Objective: Iodine deficiency during pregnancy results in thyroid dysfunction and has been associated with adverse obstetric and foetal effects, leading to worldwide salt iodization programmes. As nowadays 69% of the world's population lives in iodine-sufficient regions, we investigated the effects of variation in iodine status on maternal and foetal thyroid (dys)function in an iodine-sufficient population. Design, Participants and Measurements: Urinary iodine, serum TSH, free T4 (FT4) and TPO-antibody levels were determined in early pregnancy (13·3 (1·9) week; mean (SD)) in 1098 women from the population-based Generation R Study. Newborn cord serum TSH and FT4 levels were determined at birth. Results: The median urinary iodine level was 222·5 μg/l, indicating an iodine-sufficient population. 30·8% and 11·5% had urinary iodine levels <150 and >500 μg/l, respectively. When comparing mothers with urinary iodine levels <150 vs ≥150 μg/l, and >500 vs ≤500 μg/l, there were no differences in the risk of maternal increased or decreased TSH, hypothyroxinaemia or hyperthyroidism. Mothers with urinary iodine levels >500 μg/l had a higher risk of a newborn with decreased cord TSH levels (5·6 ± 1·4 (mean ± SE) vs 2·1 ± 0·5%, P = 0·04), as well as a higher risk of a hyperthyroid newborn (3·1 ± 0·9 vs 0·6 ± 0·3%, P = 0·02). These mothers had newborns with higher cord FT4 levels (21·7 ± 0·3 vs 21·0 ± 0·1 pm, P = 0·04). Maternal urinary iodine levels <150 μg/l were not associated with newborn thyroid dysfunction. Conclusions: In an iodine-sufficient population, higher maternal urinary iodine levels are associated with an increased risk of a hyperthyroid newborn.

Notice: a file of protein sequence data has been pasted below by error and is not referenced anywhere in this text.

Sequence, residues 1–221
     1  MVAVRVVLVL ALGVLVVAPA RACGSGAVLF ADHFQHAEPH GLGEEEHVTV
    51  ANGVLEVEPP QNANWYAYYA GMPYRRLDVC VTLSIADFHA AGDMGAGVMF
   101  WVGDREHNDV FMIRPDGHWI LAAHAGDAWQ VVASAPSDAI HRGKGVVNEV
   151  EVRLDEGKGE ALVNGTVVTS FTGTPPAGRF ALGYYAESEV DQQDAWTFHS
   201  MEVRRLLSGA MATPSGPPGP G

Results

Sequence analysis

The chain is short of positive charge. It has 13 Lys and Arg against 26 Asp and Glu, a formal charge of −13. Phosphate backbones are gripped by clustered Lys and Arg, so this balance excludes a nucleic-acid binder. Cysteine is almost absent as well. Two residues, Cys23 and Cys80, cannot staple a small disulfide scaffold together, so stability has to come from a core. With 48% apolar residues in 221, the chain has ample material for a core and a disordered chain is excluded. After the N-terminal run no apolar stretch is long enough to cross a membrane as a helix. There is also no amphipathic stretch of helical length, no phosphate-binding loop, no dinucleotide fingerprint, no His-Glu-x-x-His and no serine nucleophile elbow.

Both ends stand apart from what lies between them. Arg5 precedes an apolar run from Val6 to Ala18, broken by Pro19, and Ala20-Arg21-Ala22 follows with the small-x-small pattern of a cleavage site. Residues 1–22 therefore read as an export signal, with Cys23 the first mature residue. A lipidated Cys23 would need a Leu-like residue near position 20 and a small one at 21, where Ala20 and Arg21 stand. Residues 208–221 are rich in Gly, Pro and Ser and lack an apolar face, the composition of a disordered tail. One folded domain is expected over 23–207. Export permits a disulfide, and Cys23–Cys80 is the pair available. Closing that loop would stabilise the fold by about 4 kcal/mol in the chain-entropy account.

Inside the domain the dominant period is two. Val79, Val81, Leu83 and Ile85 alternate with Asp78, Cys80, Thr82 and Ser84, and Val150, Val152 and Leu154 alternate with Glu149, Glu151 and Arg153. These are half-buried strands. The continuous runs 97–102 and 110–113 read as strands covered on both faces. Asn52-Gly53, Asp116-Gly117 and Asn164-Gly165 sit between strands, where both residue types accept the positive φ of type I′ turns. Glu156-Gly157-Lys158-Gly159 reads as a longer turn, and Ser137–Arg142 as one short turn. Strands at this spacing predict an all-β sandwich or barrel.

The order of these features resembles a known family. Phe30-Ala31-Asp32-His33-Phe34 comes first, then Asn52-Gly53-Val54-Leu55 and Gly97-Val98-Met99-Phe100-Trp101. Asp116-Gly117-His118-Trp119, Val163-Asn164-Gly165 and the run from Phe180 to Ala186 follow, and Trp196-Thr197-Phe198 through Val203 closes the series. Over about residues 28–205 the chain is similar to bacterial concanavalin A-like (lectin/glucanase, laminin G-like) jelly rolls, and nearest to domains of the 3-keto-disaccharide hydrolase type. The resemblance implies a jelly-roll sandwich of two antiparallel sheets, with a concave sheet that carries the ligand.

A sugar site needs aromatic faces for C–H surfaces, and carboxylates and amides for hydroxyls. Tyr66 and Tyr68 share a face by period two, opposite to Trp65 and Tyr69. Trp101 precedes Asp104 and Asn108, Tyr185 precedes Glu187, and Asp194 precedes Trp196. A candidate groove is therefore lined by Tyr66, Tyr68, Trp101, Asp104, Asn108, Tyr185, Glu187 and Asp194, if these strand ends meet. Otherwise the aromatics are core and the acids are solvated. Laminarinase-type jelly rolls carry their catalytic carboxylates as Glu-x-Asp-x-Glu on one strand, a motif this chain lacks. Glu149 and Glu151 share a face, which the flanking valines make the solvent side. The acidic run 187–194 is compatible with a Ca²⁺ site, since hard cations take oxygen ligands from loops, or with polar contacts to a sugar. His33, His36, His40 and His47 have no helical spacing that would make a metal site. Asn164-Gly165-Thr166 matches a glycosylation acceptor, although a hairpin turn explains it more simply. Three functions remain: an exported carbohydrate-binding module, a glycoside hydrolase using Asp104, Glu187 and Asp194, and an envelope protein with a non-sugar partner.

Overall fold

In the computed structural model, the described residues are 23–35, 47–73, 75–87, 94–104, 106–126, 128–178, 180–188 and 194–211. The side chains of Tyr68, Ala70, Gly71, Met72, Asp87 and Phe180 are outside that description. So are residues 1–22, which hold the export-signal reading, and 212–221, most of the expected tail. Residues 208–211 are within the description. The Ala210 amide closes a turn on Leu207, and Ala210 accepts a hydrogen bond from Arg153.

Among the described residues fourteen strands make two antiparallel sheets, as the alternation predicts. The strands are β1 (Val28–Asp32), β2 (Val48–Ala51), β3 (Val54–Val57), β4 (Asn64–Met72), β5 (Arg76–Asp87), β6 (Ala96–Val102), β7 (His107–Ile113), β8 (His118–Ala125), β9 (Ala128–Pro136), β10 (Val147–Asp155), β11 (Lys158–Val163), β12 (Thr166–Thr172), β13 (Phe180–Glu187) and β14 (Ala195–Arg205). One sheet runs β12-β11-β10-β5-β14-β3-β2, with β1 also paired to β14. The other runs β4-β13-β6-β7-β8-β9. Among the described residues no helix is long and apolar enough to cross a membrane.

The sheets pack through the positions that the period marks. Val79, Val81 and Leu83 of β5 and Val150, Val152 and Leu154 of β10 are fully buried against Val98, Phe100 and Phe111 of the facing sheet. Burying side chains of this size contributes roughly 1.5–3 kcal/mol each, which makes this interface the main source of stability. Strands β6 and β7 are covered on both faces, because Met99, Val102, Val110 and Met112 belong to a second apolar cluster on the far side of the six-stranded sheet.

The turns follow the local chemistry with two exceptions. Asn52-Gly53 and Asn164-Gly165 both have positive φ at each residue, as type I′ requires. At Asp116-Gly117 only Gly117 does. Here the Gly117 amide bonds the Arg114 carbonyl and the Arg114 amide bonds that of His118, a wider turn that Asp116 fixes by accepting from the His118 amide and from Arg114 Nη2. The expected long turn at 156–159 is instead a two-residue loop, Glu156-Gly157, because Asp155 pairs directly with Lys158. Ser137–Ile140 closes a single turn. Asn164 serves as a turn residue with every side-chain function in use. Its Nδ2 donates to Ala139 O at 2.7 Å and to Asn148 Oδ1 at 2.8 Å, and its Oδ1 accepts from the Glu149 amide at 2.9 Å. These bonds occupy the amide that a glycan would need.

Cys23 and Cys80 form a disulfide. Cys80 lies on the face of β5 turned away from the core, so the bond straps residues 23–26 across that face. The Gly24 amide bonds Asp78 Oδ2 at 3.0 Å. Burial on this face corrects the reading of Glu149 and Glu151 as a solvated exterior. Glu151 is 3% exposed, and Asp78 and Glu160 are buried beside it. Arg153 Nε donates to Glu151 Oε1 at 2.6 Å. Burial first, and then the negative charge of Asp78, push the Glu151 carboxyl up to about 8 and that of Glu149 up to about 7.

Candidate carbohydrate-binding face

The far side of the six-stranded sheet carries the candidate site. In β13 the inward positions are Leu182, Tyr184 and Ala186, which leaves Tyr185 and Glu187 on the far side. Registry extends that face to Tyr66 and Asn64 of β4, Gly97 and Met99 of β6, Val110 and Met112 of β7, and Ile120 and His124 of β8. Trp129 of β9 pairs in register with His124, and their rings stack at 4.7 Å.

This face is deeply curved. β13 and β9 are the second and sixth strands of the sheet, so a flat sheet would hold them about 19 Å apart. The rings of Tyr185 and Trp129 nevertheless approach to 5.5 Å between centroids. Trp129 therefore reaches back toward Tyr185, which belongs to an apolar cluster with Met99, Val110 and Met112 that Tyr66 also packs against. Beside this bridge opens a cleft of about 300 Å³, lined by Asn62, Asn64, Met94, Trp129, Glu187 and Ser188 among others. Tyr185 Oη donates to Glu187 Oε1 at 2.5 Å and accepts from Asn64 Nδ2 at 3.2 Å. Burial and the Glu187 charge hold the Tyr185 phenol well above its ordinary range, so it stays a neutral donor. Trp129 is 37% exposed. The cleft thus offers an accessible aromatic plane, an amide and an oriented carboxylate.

doi.org/10.1111/cen.12321, hdl.handle.net/1765/57679
Clinical Endocrinology
Department of Immunology

Medici, M., Ghassabian, A., Visser, W., de Muinck Keizer-Schrama, S., Jaddoe, V., Visser, E., … Peeters, R. (2013). Women with high early pregnancy urinary iodine levels have an increased risk of hyperthyroid newborns: The population-based Generation R Study. Clinical Endocrinology. doi:10.1111/cen.12321